Further details have emerged in the case of Sayed Parwez Kambakhsh, the Afghan journalism student sentenced to death for blasphemy. The Institute for War and Peace Reporting (IWPR) quotes Kambakhsh testifying that he was coerced into confessing to his "crime":
“I was held in a small room which was very dirty,” he told IWPR. “I was held in that room for eight days, and the security guys were constantly coming to see me. They interrogated me several times a day, and told me they were going to hang me. They told me to prepare myself for death.
“I had no contact with my family, and I was under a lot of psychological pressure. On the eighth day, the NDS officer came with a piece of paper in his hand. He told me to write that I had downloaded the document from the internet and that I had added several sentences to it. They told me that if I wrote this, they would release me.”
Kambakhsh's uncle, Sayed Yasin Peroz, has also gone on the record as saying that the trial was rigged against his nephew.
Kambakhsh's brother, Sayed Yaqub Ibrahimi, is a journalist who works for IWPR. He is convinced that this case was brought as punishment for his candid reporting on the abuses of local warlords. According to IWPR, his suspicions are more than justified:
Rahimullah Samander, head of the Afghan Independent Journalists’ Association, corroborates Ibrahimi’s assessment.
“When [Kaambakhsh] was arrested, IWPR’s offices in Mazar were searched by the NDS, and [Ibrahimi’s] notebooks were taken, which contained contact numbers for the sources in his stories,” he said. “This clearly indicates that the government’s problem was with Yaqub Ibrahimi, not with Parwez Kaambakhsh. But they could not arrest Yaqub. This was a good way of pressuring Yaqub and his family.”
If additional proof were needed, added Samander, one need only consider the position taken by religious scholars around the country. The Ulema or clerical councils of Balkh and Kunduz provinces have issued condemnations of Kaambakhsh. Others have remained silent.
“Why have only the Ulema in Balkh and Kunduz been provoked?” he asked. “It is all due to jihadi [faction] connections. The judges and the prosecutors of Balkh all belong to a specific party, and the administration up there is a dictatorship that abuses its religious and governmental power.”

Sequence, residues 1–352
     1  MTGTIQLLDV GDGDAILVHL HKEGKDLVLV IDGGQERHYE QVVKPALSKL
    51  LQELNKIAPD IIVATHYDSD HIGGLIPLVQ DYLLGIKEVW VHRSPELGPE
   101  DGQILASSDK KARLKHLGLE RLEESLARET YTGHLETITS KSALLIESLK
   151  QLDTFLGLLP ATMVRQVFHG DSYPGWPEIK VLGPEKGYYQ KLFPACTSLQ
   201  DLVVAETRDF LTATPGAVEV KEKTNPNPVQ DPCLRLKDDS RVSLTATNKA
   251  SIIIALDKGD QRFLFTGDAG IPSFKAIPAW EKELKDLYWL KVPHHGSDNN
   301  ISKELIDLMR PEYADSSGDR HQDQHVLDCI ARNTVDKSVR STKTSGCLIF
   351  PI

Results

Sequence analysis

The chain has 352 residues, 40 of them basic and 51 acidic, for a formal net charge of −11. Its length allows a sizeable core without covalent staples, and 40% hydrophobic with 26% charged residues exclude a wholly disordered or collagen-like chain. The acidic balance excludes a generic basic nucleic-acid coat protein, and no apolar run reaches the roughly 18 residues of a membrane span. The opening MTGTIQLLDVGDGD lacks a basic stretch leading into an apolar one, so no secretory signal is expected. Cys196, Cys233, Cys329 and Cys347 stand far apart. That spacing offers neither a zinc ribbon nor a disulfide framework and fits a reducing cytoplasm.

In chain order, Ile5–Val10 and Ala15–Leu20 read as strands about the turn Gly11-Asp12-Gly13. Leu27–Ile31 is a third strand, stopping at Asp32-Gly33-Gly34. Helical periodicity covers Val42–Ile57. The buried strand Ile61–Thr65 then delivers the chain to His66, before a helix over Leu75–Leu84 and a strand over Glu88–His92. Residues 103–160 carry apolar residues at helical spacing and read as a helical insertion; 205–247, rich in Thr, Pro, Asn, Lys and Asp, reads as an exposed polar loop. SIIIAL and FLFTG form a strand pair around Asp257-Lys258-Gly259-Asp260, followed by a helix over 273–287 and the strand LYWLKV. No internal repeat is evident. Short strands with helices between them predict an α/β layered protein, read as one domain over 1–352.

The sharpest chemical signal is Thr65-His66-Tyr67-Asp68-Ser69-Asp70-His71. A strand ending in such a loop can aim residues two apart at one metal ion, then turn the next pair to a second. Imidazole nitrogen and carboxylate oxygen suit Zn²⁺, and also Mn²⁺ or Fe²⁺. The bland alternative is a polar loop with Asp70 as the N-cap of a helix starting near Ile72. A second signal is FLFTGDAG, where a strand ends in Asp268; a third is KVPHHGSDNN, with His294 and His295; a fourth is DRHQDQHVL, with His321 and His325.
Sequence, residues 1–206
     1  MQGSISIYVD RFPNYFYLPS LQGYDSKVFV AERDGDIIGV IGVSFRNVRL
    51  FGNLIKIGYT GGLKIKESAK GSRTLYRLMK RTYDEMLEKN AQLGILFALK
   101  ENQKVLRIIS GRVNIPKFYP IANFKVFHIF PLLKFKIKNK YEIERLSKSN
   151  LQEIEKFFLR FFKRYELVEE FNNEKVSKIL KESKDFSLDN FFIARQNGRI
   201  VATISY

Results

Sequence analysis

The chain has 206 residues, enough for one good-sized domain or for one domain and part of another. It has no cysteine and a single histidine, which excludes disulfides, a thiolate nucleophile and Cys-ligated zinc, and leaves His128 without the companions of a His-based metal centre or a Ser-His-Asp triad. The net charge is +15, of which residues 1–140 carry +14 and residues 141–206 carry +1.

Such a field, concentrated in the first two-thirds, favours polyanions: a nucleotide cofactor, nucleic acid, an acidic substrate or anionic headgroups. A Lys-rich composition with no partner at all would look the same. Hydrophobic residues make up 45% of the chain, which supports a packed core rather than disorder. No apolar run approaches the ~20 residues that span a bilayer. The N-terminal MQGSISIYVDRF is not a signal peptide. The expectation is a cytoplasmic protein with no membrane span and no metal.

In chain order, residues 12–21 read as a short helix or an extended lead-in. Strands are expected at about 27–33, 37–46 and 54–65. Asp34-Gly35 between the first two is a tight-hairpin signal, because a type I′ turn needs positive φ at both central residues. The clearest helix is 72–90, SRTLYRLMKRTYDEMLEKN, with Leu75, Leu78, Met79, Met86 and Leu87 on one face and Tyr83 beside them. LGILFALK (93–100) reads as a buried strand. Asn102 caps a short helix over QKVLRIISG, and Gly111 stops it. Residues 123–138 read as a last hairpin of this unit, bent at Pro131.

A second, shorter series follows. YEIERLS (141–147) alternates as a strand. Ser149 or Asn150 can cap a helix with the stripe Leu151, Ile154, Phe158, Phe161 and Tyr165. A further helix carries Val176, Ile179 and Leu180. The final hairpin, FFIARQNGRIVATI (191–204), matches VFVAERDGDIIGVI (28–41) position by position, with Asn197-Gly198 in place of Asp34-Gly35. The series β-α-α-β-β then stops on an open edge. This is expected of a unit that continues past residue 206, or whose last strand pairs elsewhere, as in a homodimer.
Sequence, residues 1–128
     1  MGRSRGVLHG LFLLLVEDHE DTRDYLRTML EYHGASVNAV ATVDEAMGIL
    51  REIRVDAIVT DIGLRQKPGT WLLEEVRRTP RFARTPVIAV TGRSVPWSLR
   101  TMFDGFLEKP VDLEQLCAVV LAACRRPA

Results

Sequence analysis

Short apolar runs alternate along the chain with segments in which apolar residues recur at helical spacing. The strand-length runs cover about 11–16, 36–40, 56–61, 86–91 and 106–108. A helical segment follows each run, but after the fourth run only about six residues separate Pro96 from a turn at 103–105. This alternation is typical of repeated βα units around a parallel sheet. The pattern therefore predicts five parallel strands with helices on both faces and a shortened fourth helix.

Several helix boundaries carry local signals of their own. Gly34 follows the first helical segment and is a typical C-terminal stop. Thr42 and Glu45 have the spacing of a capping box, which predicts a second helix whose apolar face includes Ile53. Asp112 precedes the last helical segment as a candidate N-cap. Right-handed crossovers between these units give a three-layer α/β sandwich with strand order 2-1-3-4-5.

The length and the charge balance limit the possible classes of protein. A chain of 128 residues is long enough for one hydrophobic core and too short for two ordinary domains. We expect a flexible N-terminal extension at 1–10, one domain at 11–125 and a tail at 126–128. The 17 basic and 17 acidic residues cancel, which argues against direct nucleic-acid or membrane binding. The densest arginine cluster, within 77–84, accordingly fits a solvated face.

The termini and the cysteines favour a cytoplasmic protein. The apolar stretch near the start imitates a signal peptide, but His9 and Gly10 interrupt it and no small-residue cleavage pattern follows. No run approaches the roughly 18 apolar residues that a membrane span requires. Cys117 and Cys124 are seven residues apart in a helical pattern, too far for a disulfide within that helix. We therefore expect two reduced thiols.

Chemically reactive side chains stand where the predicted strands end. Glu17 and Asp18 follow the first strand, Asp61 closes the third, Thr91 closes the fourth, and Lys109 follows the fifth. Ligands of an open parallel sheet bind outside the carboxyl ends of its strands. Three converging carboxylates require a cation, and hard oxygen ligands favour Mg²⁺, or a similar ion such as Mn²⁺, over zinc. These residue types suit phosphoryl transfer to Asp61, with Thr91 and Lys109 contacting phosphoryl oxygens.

Unfortunately, the central government of President Hamid Karzai is still too weak to rein in the local authorities in places like Balkh. The only answer is to mount enough external pressure to force Karzai to intervene on Kambakhsh's behalf. The Committee to Protect Journalists has already issued an open letter asking him to ensure that the appeals process remains "free of influences outside the jurisdiction of the courts." An even more encouraging sign was a small demonstration in Kabul demanding that Kambakhsh be freed.
In stark contrast to such positive developments, Afghanistan's senate has released a statement supporting Kambakhsh's death sentence and condemning internal and external critics of his prosecution. Still, as IWPR points out, it seems that few officials are truly eager to see the sentence carried out. This offers some cause for hope.
There is, of course, one major exception to this reluctance:
About the only ones calling for Kaambakhsh’s death are the Taleban, who carried a virulent attack on the young man on their website, alemarah.org.
Condemning Kaambakhsh’s “dirty statement,” the Taleban called on “jihadi and brave Afghans to administer severe chastisement to the perpetrator of this action.”